American Truck Simulator and Depictions of Home
forgive the quality of the screenshots in this post. i'm pulling them from twitter, which was acting up at the time.
I've been obsessed with American Truck Simulator's approach to rendering the Salt Lake Valley and other locales that evoke personal memories to me. As far as I'm aware the valley is a setting that hasn't been rendered digitally very many times, and whenever it has it's had a pretty sharp focus on the space there that's less familiar to me. The particular focus that a trucking simulator has brings a lot of lesser-seen mundanities forward and lets them sit in space in what feels like a special way to me.
American Truck Simulator exhibits a way of thinking about the world where everything that isn't a memorable interstate sight or a priority in a truckers' life gets lost in a dreamy suburban haze of generic assets and spatial compression. It's a pretty bizarre experience to drive through my hometown--everything is familiar enough to catch on to my day-to-day perceptions, but falls apart across miles of forgotten, condensed space.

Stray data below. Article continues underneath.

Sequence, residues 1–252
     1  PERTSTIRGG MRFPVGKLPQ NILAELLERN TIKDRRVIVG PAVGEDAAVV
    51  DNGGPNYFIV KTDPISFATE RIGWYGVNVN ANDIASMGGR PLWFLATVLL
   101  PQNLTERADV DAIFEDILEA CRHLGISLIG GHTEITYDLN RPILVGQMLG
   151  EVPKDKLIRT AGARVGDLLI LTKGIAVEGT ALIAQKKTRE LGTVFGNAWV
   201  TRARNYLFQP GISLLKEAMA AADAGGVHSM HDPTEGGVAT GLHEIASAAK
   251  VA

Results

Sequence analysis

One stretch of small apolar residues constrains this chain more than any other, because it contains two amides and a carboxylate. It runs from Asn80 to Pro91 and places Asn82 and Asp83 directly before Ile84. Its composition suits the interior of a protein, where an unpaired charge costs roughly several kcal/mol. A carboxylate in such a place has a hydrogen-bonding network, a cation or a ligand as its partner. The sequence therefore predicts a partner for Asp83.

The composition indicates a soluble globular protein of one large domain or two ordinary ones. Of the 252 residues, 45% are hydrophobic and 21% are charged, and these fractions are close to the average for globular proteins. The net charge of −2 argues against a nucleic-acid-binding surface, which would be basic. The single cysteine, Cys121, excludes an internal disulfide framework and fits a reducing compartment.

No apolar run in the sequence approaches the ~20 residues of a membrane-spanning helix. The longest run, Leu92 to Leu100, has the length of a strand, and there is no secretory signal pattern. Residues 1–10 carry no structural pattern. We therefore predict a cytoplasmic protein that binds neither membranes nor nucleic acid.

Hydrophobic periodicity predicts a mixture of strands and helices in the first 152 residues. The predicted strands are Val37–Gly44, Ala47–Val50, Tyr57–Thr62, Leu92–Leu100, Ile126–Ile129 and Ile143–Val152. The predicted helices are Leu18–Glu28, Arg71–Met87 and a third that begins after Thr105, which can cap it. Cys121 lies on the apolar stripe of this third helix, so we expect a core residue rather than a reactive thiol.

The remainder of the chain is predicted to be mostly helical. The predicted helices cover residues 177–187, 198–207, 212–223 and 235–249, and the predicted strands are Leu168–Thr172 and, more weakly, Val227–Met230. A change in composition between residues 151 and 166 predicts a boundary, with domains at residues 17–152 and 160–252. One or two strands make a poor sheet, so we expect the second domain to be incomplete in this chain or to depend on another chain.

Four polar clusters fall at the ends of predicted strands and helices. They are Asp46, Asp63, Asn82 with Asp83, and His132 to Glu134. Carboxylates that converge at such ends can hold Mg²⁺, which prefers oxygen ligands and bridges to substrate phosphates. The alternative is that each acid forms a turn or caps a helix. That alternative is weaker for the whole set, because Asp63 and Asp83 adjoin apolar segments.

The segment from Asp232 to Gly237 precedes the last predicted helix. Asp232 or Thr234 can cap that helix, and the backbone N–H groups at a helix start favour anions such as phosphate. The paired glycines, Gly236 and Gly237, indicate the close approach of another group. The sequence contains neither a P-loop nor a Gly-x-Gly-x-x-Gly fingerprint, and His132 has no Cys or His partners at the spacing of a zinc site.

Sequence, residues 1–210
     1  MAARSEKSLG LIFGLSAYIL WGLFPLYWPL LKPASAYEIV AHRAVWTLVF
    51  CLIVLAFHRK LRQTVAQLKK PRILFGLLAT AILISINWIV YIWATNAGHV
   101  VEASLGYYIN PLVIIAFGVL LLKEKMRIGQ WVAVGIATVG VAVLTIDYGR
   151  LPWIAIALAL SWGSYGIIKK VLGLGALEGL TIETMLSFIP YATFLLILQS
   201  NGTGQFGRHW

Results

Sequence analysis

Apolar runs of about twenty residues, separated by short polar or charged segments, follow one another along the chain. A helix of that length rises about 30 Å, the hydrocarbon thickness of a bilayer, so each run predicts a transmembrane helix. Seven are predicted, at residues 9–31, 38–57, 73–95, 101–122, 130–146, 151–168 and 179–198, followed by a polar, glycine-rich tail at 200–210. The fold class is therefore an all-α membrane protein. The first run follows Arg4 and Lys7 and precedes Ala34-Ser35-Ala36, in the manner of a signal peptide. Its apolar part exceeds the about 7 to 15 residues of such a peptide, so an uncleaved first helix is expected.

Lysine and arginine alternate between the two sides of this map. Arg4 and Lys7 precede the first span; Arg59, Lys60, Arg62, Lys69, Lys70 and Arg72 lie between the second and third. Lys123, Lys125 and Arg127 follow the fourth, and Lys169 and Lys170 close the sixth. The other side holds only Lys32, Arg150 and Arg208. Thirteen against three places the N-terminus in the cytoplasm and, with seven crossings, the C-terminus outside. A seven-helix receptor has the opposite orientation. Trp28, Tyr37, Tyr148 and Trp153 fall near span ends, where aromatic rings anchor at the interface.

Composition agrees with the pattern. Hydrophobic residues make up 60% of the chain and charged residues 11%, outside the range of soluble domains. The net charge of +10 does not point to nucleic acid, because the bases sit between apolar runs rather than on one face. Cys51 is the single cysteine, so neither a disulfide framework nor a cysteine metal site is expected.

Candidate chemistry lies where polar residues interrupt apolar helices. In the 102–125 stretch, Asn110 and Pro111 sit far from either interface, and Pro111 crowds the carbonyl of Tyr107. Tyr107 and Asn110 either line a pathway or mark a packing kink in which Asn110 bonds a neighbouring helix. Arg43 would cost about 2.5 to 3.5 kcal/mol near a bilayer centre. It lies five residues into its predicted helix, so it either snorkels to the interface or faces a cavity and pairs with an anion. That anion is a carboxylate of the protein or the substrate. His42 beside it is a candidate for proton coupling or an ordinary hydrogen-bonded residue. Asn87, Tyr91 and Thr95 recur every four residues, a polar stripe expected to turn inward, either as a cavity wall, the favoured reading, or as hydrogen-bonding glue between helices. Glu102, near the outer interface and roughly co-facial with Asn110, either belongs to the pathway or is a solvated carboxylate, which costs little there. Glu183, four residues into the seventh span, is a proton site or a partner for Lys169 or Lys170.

Things like this waterpark just off the interstate are so lovingly rendered and accurate in comparison to something important yet nestled away slightly, like the state capitol building. Half of the entire valley has been squished into a trucker's abstraction that orients itself to a completely different set of priorities than a local would have. It's a distant depiction of home, one that wasn't meant to be observed directly.
Breaking out of bounds to travel down well remembered roads reveals a loose consideration of the peripheral space I call home. There are enough fleeting moments of lucidity to evoke strong nostalgic memory only to then find out that most of what's familiar is barely even a symbol of what's being depicted. The sights from the road are so coherent, but the rest is so unapologetically unfamiliar.
It's an interesting thing to contrast against what we're used to in the bleeding edge of modernity with 1:1 satellite recreations. Games like Microsoft Flight Simulator put an enormous effort into recreating every possible familiar surrounding, but the experience is almost limited in its enormity and uncompromising scale. Everything is there, but nothing is subject to memory, abstraction, or any level of interpretation but literal. American Truck Simulator gives me an opportunity to look at what's familiar to me in an uncanny lens. It warps space to routines that aren't my own, and places the focal points of my existence just outside of the periphery.